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Saturday, September 19, 2015

Going to School

Grade 4 students work on a decision making scenario.
The school year in Lesotho begins in late January or early February. In addition to a short break for Easter, students get around six weeks off between the end of June and early August. Then, the second second semester runs from early August until exams are completed in late November with a week off just before Independence Day, which is October 4.

Beginning in February, I have been going to the local primary school on a weekly basis to co-teach Life Skills with the teachers. We are teaching grades 4, 5, 6, and 7 life skills in 40 minute blocks. Every time I visit, I see a over 150 students in the four sessions. While the classes for grades 4 and 7 are relatively small, with 27-31 students; grades 5 and 6 are more than double those numbers. This makes planning their lessons a bit trickier.

Young students say goodbye after
I complete my classes.
One of my favorite things about visiting the school each week is the excitement with which the students and even the faculty greet me. They are always thrilled when I arrive, even those that I do not teach! As I approach the school, my arrival is heralded by calls of “Ausi Thato! Buh-bye, Ausi Thato!” as most children do not realize there are different words for hello and goodbye in English. Similarly, every time I pass between classes or begin my departure, I hear a chorus of voices calling my name and waving. It is a good thing the teachers also like me or they would begin to resent the exciting distraction that is me!

It has been truly eye opening to interact with students in the classroom. Schools here in Lesotho have a much different methodology than what is touted in American classrooms. Corporal punishment is acceptable and used when students commit any number of infractions including refusing to answer or answering even answering incorrectly, because students are used to this, it can be harder to use the usual engagement methods I adopted during my decade of experiential education in America. It also makes students more reticent to speak up if they are uncertain their answer is correct. Students who arrive at my school late are expected to remain standing at their desks for duration of school that day. I have even been offered a stick by a teacher, just in case I needed it.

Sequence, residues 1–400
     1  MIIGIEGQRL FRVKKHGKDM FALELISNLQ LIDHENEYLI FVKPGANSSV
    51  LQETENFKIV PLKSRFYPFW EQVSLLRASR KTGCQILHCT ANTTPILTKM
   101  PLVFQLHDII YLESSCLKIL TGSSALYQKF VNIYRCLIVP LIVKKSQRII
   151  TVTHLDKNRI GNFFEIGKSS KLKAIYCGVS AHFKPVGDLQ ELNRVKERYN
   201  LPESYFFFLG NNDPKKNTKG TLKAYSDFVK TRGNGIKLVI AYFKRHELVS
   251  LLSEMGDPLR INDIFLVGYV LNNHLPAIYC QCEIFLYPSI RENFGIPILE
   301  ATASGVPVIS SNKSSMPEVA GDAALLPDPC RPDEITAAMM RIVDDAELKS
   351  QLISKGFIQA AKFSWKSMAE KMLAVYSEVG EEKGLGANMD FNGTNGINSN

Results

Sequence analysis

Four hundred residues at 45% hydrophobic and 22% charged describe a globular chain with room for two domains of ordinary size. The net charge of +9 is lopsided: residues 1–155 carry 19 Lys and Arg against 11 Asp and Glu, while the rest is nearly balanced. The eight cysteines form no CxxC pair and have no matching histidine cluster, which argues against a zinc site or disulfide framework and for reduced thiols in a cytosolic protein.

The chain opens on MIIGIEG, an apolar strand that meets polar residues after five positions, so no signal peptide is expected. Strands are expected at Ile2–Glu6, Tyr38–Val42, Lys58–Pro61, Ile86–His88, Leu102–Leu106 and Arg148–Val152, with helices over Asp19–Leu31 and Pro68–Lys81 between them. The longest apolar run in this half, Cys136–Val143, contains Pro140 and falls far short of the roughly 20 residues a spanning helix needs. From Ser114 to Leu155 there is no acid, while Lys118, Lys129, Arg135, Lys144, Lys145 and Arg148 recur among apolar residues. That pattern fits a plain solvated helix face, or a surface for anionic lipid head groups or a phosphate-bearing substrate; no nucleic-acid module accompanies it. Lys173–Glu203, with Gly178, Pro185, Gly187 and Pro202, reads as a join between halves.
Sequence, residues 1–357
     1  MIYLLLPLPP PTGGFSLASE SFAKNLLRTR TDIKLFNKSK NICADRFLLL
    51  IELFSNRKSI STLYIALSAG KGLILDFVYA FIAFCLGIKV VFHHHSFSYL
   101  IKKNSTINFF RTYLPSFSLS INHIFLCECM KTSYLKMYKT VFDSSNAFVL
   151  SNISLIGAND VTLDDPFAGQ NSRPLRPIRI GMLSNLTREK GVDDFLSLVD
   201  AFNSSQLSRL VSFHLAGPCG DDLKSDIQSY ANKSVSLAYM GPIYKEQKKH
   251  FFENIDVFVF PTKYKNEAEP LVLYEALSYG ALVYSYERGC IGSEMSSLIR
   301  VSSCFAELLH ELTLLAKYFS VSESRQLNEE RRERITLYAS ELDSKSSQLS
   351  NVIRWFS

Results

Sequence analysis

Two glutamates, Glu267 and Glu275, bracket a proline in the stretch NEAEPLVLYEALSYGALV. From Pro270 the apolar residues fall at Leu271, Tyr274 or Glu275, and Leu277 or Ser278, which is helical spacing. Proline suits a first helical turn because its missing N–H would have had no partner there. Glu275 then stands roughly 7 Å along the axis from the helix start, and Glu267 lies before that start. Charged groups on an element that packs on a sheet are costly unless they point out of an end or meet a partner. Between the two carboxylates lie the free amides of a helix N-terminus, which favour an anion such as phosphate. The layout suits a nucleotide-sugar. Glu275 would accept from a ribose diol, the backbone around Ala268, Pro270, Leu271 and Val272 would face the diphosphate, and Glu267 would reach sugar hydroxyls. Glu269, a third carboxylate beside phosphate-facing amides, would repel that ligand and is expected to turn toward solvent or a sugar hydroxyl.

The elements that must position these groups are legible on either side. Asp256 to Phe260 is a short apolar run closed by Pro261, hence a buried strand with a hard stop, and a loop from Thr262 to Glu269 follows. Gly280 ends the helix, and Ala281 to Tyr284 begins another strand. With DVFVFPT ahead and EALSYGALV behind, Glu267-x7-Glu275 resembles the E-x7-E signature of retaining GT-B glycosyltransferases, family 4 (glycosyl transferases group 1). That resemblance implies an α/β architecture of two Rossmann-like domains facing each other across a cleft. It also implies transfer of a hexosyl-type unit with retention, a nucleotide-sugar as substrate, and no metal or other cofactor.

After speaking with the principal and teachers to determine how I could be of use at the school, I was mentally prepared to teach in mostly English with occasional Sesotho for harder concepts. By the end of primary school, students are expected to be able to learn in English only. Unfortunately, my English accent can be hard for students to understand and many simply do not try. As a result, I often find myself teaching in both English and Sesotho. This is great for improving my Sesotho, although I worry I am doing the students a disservice as they will learn in only English if they go on to high school or secondary school.

We have adapted to each other well over the course of the school year and now I eagerly prepare my lesson plans in things like communication, decision making, creativity, and sexual and reproductive health. I was particularly excited when I recently spoke with the principal and grade 7 teacher about covering sexual and reproductive health. The school is Catholic and I worried they would frown on the idea of teaching the subject. The principal, however, agreed it was a vital topic as the students would soon be going to school with children from other villages and “they might be bad children.”

Grade 7 playing Condom Time Bomb to the
 tune of "Let's Talk About Sex."
As a result, my last few lessons of the year focused on the importance of the ABCs: abstinence, being faithful to one partner, and using condoms as well as the science of HIV and how to prevent infection. We discussed questions the students asked anonymously via a question box left in the classroom and debunked misconceptions about HIV. These were definitely some of my favorite life skills classes thus far, especially since they are so vital to the students' safety in the next two decades of their life. Here in Lesotho, most people contract HIV between 15 and 35 through unprotected sex. The HIV positive rate actually doubles in under two decades!  
With the grade 7 students.

Condom "balloons" filled with questions for Condom
Time Bomb!

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